Cannabis Law Prof Blog

Editor: Franklin G. Snyder
Texas A&M University
School of Law

Saturday, December 20, 2014

Why I May Very Well Be Wrong About Nebraska v. Colorado

Reader Chris Lindsey responds in the comments to the NE v. CO post I wrote yesterday.  It's worth setting out here in full:

    First of all, I would argue that while pollution clearly creates victims (innocent citizens who have to breathe unhealthy air), the burden placed on law enforcement to enforce possession laws is not remotely similar to poisoning residents. Residents have to breathe. Taxpayers in Nebraska and Oklahoma do not have to pay law enforcement to pull people over, search their vehicles, seize property, charge them with criminal offenses, or arrest and jail them. Pollution and drug laws are both crimes, but one has a victim and the other does not.

    There is another issue, however, and it highlights a fundamental flaw in the logic of the petitioners’ claim. The federal government can set air quality standards, and it can criminalize marijuana possession, cultivation and distribution. But there is a significant difference between these two things. When it comes to marijuana-related activity, the petitioners’ most compelling argument is that CO can’t regulate. In effect, they are saying “we don’t like pollution coming from your state, and you shouldn't be able to regulate pollution-causing activities.”

    In order to avoid this absurdity, NE and OK have to go where few conservatives have gone before: they argue that the federal government should make Colorado criminalize certain types of behavior. I very seriously doubt this argument will carry the day, particularly in light of our federalist system and the fact the CSA specifically says Congress is not occupying the field. And if the AGs from these two states thought about it beyond their views on marijuana, I doubt very much they would support such a claim about federal authority over states. If those states are really concerned with “pollution” making it into their own state, they should lobby the CO legislature to beef up its regulatory system to control cross-border pollution, not argue the state shouldn't be able to regulate it at all.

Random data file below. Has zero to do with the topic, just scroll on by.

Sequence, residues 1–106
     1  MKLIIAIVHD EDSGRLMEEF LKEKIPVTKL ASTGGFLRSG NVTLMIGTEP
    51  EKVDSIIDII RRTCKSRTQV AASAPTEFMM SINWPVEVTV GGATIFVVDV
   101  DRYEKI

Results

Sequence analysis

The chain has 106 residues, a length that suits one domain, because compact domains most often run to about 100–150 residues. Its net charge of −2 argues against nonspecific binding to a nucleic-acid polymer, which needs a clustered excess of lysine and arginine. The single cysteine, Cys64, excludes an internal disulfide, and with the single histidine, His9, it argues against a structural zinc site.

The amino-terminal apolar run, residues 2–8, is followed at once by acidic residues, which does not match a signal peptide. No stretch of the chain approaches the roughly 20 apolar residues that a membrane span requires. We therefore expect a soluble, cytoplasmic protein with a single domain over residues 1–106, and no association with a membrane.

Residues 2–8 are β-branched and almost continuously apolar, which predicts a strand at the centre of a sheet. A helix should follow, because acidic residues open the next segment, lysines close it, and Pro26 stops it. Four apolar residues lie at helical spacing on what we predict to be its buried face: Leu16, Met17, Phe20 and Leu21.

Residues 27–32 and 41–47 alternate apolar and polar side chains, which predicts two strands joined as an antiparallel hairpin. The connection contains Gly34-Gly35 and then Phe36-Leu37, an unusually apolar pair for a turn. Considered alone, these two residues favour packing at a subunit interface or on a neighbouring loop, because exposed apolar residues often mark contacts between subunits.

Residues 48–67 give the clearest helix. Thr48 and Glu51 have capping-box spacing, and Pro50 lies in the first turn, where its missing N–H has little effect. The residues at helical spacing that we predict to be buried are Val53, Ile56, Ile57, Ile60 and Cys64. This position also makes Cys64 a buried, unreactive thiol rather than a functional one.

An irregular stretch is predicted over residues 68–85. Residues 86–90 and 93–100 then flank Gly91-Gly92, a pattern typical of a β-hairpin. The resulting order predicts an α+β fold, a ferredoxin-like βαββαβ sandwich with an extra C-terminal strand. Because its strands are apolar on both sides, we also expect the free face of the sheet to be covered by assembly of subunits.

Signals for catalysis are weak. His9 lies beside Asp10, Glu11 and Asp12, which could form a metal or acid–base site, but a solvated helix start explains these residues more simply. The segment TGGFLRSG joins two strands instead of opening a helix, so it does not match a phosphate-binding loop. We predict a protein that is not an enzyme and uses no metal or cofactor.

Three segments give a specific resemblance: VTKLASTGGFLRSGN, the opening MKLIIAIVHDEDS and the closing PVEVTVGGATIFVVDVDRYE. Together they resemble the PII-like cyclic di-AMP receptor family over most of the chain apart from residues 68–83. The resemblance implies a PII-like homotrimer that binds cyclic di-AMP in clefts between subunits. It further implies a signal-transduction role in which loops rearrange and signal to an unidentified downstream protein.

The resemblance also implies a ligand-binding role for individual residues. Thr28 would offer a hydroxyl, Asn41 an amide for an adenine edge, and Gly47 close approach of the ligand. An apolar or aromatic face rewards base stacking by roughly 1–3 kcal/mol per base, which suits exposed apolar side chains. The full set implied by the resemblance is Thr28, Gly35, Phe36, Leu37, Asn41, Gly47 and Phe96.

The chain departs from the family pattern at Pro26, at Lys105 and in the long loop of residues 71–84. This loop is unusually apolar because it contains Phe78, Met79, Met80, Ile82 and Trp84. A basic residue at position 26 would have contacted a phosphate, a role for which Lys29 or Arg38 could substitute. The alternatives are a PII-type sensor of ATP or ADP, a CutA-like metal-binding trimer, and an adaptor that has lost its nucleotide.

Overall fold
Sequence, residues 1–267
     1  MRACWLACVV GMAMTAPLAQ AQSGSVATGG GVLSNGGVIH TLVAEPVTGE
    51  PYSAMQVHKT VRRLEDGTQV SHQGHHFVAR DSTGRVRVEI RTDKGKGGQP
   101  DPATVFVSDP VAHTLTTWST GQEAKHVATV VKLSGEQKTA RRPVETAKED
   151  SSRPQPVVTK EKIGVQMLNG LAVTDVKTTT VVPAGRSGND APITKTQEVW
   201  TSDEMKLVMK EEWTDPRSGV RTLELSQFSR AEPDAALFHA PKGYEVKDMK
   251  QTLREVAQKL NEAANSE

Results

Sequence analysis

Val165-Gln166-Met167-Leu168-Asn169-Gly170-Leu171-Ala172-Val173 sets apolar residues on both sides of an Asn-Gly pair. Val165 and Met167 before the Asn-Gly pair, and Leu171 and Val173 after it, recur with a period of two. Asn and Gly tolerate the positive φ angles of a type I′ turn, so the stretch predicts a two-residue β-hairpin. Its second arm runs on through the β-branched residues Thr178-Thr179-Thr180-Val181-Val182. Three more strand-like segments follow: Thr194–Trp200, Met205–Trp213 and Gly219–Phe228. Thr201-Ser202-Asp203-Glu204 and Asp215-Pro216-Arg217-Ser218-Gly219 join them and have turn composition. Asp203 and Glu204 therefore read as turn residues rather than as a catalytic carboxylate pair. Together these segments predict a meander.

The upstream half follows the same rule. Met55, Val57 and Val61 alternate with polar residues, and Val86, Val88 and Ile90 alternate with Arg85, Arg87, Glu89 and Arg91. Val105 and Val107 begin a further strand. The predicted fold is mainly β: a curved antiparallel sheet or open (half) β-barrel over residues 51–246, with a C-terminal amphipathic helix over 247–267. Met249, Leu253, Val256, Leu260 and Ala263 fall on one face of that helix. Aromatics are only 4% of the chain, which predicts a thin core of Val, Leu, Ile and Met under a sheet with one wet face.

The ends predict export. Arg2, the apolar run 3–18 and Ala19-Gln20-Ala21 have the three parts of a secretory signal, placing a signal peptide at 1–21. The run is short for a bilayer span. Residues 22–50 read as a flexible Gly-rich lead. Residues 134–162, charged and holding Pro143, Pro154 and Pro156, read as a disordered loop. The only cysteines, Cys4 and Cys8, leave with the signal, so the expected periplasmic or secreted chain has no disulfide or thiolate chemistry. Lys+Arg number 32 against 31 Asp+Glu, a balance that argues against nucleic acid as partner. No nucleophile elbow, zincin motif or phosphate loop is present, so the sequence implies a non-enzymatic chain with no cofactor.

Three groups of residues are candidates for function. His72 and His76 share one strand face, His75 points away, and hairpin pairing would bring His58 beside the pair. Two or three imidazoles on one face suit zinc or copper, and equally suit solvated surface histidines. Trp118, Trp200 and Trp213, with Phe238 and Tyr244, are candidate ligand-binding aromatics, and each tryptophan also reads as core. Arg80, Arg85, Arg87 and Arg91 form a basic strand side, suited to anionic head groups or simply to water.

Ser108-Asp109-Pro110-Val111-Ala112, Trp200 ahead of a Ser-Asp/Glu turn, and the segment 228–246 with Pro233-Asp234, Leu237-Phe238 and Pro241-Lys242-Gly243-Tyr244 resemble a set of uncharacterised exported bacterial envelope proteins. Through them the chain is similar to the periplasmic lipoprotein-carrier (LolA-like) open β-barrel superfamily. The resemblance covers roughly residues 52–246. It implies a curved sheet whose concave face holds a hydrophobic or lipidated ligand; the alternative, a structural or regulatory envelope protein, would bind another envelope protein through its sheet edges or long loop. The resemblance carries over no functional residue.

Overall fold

I don't disagree with most of this.  My pollution example was merely to show that in-state activity can have an impact out of state that surrounding states might want to avoid.  And I wanted to draw the distinction between state X saying, (a) "We're not going to enforce any air quality laws," and (b) "we're going to create a scheme licensing violations of the air quality laws and make money off of it."  That strikes me as a distinction.  It's one thing for state X to say, "We're not going to enforce laws against owning machine guns," and another to say "For a whacking big upfront fee and a big extra tax on your sales, you can open your own Machine Guns R Us Emporium."  At least, that sounds like a distinction to me.  Remember that I'm not an expert in federalism, though.

I believe Chris is right that on the merits NE and OK will have difficulty showing the kind of harm necessary for standing, but right now we're just at the complaint stage.  And I agree that marijuana is a victimless crime.  But there's a whole lot of people who disagree with us about that last point.  They would argue that drugs cause even more harm than smog.  They're not stupid people, although I disagree with them.

I've said before that I hope NE and OK lose the suit, because I'm a believer in federalism.  (Actually, I'd probably support state X in my pollution hypothetical, given that some parts of the CAA are as bizarre as parts of the CSA.)  I just don't think the legal analysis is as simple as some are arguing.

Decriminalization, Drug Policy, Federal Regulation | Permalink


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